Why a Wonder: Cades Cove, an isolated mountain cove in the Great Smoky Mountains National Park, combines the beauty of the Southern Appalachian Mountains with the history of the people who lived there before the park was formed. The ancient mountains surrounding this verdant cove allow images of the fields, streams, forests, wildlife and living history to depict a distinct rural aesthetic.
Where: You can get there from Gatlinburg by turning right at the park headquarters on Hwy 441 and following Little River Road, or enter the park from Townsend, Tennessee, then bear right at the “Y” onto Laurel Creek Road. Parking is available at the entrance for those biking the cove. There is no fee to enter the Great Smoky Mountains National Park, but in March 2023 a parking permit will be required for vehicles parked more than 15 minutes in any park location.
When: Spring and fall are the best times to visit, but all four seasons offer photo opportunities in Cades Cove. Fall color does bring crazy traffic to the 11-mile one-way loop road around the cove, but the two crossover roads offer great views even during busy times. Winter snow usually results in the loop road being closed to vehicles, but walking or biking around the cove is allowed even if the gate is closed. Also, the loop road is vehicle-free on Wednesdays from Early May through late September to allow bike and foot traffic only.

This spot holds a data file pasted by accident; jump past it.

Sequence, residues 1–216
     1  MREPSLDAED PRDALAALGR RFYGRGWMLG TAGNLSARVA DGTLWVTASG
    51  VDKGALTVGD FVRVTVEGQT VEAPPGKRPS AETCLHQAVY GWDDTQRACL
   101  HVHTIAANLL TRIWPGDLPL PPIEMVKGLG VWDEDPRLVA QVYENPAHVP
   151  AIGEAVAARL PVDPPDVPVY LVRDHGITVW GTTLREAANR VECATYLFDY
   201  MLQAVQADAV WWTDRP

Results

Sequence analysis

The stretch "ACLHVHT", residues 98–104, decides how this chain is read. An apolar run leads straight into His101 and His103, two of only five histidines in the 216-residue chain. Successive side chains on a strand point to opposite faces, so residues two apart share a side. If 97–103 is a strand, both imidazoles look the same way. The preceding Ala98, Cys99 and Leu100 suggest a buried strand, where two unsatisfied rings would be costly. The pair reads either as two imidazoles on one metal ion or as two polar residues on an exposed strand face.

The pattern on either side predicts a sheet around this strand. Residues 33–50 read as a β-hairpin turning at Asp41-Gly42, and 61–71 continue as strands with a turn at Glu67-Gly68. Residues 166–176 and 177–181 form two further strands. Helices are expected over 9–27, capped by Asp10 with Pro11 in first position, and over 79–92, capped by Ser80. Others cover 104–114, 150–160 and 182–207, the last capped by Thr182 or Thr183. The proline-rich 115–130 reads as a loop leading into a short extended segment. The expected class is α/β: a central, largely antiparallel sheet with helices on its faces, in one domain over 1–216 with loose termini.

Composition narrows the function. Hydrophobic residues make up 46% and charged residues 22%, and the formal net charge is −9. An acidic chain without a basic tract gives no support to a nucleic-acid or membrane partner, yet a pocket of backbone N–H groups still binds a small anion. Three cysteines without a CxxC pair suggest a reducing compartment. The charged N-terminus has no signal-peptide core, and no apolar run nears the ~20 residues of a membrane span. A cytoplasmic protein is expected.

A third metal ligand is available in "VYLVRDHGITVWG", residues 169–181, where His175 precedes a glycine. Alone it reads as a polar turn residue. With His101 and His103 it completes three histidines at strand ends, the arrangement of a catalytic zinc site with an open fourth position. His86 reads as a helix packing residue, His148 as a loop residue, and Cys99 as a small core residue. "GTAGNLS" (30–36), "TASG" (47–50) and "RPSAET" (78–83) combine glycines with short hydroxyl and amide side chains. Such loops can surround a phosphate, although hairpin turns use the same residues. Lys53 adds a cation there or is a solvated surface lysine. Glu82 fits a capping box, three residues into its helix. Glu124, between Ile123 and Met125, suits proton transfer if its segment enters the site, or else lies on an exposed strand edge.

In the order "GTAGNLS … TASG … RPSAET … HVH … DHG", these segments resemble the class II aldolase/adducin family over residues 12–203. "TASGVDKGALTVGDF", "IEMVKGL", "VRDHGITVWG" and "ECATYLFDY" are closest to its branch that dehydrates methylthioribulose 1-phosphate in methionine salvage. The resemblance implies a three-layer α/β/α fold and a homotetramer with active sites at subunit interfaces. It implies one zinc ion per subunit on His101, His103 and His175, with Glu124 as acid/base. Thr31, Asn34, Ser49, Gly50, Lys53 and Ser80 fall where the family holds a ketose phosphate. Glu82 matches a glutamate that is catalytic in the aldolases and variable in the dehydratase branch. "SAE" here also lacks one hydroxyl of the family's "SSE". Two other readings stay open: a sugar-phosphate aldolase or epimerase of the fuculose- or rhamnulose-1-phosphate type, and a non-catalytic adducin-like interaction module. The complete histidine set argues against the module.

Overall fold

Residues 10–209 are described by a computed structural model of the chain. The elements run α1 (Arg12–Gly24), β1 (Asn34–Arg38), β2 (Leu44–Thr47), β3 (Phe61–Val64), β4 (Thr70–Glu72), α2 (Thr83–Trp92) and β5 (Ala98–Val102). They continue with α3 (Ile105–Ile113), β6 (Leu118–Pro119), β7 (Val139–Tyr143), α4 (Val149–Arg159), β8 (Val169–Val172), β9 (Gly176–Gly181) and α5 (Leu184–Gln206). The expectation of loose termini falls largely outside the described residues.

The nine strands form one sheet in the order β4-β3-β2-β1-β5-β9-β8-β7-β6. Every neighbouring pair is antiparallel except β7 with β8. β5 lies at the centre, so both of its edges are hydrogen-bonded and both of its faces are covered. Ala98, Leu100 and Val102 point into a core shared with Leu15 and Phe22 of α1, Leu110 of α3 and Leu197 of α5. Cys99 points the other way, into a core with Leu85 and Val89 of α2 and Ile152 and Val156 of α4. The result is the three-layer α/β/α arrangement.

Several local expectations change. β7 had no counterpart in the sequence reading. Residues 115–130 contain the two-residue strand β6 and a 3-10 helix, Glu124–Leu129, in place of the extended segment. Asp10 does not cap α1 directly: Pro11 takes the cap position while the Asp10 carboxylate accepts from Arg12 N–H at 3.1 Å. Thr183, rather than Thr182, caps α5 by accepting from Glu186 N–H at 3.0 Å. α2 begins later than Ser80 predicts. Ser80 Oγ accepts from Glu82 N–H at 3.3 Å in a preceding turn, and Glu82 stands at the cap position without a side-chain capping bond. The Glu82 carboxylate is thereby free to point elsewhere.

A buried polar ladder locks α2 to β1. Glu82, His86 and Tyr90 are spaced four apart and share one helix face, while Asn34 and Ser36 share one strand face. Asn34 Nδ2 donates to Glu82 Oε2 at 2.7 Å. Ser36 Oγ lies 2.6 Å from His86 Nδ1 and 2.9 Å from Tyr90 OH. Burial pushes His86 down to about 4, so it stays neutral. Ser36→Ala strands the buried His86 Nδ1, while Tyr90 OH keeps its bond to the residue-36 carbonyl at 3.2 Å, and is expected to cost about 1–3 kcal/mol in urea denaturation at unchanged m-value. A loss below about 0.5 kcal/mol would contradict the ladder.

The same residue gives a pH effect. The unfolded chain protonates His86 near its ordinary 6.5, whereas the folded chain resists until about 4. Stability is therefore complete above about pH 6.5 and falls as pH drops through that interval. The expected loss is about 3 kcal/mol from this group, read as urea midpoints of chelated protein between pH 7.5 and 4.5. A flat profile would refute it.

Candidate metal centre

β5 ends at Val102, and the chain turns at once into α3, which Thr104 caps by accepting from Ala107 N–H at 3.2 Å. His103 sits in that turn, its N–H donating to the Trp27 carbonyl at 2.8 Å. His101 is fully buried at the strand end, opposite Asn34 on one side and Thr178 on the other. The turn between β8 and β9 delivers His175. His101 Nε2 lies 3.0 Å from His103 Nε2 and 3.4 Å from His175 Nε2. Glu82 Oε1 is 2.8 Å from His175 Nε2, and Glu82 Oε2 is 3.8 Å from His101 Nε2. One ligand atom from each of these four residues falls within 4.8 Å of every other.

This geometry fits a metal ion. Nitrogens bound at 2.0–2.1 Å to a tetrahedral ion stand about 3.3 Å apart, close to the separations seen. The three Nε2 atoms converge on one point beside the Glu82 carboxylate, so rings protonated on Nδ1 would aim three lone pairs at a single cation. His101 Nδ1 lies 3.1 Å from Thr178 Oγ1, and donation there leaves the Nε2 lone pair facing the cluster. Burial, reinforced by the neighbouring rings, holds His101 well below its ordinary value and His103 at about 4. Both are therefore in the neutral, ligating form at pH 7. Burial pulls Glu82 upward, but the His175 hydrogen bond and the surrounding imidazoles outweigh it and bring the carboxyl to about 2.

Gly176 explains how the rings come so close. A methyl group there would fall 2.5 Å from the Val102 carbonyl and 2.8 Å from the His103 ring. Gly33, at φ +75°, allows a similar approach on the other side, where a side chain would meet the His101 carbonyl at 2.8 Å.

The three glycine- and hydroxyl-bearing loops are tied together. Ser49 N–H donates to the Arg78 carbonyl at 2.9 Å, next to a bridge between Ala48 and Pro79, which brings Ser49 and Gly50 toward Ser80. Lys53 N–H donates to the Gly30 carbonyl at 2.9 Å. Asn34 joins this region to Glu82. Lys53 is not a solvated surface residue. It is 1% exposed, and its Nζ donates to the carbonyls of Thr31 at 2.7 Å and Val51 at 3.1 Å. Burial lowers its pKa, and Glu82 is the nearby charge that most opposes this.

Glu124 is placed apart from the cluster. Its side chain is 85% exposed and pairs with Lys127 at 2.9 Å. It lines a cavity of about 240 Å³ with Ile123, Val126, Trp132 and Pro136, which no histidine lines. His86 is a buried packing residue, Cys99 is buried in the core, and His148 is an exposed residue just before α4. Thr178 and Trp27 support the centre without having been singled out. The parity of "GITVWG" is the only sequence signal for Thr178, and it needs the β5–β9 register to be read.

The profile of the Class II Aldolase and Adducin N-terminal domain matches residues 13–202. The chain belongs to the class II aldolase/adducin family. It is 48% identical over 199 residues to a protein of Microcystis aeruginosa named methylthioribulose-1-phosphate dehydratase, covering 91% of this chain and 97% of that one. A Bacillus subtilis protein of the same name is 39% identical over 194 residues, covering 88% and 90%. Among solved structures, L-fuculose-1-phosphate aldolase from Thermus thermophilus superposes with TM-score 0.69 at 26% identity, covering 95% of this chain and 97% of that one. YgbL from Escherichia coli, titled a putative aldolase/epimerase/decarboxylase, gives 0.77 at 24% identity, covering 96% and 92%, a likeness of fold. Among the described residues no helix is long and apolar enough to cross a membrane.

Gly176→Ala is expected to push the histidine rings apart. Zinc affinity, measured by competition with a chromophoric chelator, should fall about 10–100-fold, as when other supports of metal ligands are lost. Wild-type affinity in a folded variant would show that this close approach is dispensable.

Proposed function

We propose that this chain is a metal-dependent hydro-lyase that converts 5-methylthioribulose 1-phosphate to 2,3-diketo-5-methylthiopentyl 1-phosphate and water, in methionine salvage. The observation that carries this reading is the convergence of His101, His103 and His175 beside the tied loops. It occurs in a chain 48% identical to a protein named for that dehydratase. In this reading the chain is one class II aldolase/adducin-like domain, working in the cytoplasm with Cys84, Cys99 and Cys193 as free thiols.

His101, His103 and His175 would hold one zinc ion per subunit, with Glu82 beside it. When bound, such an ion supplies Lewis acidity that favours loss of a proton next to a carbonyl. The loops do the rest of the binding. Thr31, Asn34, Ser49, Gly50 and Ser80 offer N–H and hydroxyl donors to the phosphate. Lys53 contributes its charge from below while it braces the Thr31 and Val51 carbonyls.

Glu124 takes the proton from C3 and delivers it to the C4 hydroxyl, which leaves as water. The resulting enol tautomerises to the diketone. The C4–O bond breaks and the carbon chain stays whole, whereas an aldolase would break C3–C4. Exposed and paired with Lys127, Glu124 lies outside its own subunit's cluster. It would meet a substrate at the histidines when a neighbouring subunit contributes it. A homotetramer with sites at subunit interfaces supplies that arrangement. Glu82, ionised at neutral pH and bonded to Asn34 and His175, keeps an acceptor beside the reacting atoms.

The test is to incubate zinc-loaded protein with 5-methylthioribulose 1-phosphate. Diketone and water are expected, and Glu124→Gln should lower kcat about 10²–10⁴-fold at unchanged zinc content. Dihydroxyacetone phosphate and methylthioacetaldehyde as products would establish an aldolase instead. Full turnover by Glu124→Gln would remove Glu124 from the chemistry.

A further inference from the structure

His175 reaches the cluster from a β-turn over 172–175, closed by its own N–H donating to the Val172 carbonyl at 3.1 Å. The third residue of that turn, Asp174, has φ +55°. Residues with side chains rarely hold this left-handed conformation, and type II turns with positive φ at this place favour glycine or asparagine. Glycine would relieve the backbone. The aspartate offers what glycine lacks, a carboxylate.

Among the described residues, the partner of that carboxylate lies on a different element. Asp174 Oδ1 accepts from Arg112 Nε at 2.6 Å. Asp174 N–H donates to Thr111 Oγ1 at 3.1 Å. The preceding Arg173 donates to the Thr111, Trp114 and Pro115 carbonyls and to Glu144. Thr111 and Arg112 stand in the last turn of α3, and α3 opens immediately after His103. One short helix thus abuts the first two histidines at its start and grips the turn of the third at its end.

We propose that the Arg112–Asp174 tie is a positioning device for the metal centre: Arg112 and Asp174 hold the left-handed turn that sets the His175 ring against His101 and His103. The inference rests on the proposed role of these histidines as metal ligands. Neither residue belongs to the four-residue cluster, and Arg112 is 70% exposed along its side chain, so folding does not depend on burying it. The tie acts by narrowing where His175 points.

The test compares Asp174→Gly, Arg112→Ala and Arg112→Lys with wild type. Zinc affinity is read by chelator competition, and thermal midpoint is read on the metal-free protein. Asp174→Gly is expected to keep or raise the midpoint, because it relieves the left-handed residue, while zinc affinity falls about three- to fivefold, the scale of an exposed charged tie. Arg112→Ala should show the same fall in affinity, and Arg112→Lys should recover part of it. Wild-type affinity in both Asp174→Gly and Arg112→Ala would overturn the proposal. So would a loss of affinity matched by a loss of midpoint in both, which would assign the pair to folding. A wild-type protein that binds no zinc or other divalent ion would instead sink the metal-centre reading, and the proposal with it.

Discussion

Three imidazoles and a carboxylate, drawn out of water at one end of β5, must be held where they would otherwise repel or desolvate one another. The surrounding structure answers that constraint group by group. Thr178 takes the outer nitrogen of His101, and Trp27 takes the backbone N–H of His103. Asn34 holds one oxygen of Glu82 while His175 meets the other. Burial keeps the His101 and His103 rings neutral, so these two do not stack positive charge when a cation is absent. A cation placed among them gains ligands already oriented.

Photography: Though you can photograph here year-round, early morning or late in the day offer the best photo conditions and wildlife viewing, plus the least amount of congestion. One limitation to consider is that the loop road is only open to vehicles from sunrise to sunset. Morning fog over this pastoral landscape is a real bonus when the conditions are right. The key to finding good photos in Cades Cove is to see it as a unique mountain landscape with a variety of photo opportunities to challenge your vision as a photographer.
Learn More: Visit the Great Smoky Mountains website at - https://www.nps.gov/grsm/index.htm
Copyright Notice: © Jerry Whaley